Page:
“THE STRESS IS ALL ABOUT SEX” Conceptualisations of intimate relationships amongst school attending youth in Sierra Leone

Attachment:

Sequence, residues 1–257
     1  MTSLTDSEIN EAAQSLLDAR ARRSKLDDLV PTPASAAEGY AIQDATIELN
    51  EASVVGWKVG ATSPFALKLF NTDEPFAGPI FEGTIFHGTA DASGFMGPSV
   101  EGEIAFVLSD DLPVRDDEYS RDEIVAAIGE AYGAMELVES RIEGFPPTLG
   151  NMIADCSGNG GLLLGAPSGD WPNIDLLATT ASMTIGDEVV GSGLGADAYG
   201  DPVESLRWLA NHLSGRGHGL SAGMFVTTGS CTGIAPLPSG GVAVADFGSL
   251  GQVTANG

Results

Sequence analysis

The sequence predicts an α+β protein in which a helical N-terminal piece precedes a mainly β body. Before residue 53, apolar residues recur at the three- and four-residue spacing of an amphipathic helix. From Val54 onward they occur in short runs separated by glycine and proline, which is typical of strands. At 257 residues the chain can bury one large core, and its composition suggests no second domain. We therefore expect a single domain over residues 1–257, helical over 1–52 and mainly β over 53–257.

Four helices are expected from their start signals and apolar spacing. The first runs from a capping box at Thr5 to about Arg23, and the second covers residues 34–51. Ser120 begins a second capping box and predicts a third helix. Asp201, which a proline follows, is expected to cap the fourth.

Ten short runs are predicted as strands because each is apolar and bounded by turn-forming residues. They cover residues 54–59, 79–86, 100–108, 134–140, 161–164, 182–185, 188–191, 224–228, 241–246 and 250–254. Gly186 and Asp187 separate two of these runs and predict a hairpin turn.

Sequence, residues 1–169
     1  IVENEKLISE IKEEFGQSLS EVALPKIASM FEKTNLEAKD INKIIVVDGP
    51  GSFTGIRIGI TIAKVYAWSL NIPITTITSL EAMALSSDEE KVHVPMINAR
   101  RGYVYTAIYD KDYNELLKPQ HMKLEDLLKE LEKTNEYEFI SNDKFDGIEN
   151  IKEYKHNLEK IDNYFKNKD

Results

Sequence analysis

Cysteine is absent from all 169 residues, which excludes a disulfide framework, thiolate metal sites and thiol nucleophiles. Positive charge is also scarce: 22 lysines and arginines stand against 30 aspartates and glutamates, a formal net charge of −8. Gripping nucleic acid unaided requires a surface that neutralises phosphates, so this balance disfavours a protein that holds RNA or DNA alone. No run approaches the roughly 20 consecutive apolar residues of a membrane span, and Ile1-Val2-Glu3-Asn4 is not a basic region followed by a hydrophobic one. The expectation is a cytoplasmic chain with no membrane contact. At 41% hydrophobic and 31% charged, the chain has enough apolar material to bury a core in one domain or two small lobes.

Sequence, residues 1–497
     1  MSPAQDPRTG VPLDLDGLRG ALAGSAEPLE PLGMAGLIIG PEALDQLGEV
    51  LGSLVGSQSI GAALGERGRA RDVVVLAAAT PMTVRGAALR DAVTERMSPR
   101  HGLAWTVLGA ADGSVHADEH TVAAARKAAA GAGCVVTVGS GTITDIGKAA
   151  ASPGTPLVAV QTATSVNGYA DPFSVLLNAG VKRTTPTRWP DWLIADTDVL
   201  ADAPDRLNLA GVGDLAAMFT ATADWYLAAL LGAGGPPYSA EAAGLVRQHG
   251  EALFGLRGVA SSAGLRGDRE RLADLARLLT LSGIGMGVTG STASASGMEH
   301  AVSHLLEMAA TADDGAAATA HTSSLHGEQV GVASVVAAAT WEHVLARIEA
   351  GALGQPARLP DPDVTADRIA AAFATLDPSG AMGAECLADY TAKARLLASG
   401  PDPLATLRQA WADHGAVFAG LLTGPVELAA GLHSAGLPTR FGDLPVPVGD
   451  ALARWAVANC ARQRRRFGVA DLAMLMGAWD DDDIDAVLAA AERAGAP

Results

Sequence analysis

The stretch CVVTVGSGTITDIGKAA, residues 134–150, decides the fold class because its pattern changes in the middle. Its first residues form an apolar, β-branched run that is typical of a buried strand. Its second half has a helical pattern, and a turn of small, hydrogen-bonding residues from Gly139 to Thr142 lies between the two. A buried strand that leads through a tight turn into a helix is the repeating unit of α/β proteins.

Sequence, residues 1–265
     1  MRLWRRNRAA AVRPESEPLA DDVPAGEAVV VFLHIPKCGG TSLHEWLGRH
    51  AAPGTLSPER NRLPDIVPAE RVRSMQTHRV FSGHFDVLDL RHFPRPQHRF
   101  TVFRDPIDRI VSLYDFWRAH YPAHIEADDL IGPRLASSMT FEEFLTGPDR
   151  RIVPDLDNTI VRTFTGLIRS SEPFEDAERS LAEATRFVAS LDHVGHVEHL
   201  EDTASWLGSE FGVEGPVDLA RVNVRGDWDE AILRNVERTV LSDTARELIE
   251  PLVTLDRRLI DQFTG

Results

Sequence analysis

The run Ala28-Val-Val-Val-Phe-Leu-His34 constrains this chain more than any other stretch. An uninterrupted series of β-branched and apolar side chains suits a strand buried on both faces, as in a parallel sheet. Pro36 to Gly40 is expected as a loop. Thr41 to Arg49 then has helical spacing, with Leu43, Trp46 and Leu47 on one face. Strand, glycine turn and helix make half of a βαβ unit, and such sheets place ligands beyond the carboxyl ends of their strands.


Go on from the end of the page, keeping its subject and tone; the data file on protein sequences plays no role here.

Background Sierra Leone (SL) has persistently high levels of adolescent pregnancy and reducing this is a priority. Data that captures the experience of young people (YP) and the decisions that they make about sexual and reproductive health (SRH) is required to help inform education and public health interventions. Objectives This study aims to establish how YP at school in SL understand their rights and responsibilities around sex and relationships, and to find out what the facilitators and barriers to making positive decisions in this area are, with a view to informing locally developed SRH programs. Methods An adapted version of the Participatory Ethnographic Evaluation and Research (PEER) approach was used to involve the YP throughout the research process. Six male and six female students were trained in research methods and met in gender group sessions (GGS) to develop the tools for data collection. Each then interviewed 3 friends and fed these interviews back to the visiting researcher in debriefing sessions. Initial findings were discussed with the participants in GGS for clarification and interpretation. Key informant interviews and notes from the GGS also contributed to the data set. Results Evidence demonstrated the pervasive nature of gender inequalities between the groups. Expectations of the communities and pressure to achieve at school weighed heavily on the young women, and yet the power in relationships remained decisively with the young men. While romantic notions of “good” relationships and the acknowledgement of the benefits of equality were commonplace, sex was referred to negatively by both genders. It was described as a tool of control, with transactional sex and “sexual harassment” portrayed as normal. Relationships were kept secret from all but trusted friends, and the stresses that were associated with navigating them were vividly described as physical and mental illness. Anxiety surrounded pregnancy and there was strong pressure to abort in secret despite the danger this entails. There was no mention of contraception. Conclusion The study demonstrates the need to consider the broad social context when considering SRH interventions. Messages about risks create anxiety amongst females in school, but structural factors significantly limit their ability to influence outcomes. This study suggests the need to work with boys, men and the wider community to share the burden of responsibility, improve knowledge and develop strategies for change.